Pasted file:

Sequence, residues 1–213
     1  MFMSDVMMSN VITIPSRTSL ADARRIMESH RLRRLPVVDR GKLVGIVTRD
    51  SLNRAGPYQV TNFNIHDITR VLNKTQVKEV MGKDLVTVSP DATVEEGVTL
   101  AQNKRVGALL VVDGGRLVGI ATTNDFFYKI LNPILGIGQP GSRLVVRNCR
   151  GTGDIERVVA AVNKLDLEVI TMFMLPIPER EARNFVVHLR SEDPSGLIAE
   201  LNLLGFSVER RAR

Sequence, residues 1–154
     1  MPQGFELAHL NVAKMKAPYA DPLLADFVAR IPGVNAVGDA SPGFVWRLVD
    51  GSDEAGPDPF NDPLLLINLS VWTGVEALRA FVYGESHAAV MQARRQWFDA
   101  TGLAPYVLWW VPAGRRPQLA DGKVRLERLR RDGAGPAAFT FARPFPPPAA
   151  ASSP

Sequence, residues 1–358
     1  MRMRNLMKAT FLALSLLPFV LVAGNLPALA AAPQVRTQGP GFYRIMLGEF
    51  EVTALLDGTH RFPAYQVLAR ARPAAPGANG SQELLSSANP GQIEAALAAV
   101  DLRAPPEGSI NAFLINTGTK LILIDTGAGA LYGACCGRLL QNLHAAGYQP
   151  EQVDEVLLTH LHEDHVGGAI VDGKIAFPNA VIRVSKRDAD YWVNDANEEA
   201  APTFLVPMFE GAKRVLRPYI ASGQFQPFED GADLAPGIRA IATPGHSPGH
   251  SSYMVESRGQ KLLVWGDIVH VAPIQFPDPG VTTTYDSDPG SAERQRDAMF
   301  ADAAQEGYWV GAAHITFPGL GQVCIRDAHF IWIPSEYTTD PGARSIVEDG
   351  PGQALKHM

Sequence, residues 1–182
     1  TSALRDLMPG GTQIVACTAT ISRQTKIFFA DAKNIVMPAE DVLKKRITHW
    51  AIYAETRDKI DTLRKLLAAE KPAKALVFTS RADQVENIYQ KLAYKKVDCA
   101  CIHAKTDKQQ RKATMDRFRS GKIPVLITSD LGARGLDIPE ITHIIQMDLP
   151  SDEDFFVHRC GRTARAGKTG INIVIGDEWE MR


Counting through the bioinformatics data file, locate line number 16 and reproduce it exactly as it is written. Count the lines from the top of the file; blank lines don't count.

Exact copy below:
   151  EQVDEVLLTH LHEDHVGGAI VDGKIAFPNA VIRVSKRDAD YWVNDANEEA